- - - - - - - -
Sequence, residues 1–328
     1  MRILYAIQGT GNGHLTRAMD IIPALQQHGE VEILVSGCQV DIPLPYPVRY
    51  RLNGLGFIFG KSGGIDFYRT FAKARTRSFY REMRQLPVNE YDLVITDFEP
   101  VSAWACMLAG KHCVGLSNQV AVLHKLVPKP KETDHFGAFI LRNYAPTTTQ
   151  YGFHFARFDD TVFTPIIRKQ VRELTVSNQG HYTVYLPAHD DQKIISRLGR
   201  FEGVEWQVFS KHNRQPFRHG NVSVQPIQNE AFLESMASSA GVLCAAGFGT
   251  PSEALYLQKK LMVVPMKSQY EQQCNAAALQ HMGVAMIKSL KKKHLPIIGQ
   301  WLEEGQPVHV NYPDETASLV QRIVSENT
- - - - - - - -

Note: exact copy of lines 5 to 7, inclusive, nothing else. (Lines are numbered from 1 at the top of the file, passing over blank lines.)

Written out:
   151  YGFHFARFDD TVFTPIIRKQ VRELTVSNQG HYTVYLPAHD DQKIISRLGR
   201  FEGVEWQVFS KHNRQPFRHG NVSVQPIQNE AFLESMASSA GVLCAAGFGT
   251  PSEALYLQKK LMVVPMKSQY EQQCNAAALQ HMGVAMIKSL KKKHLPIIGQ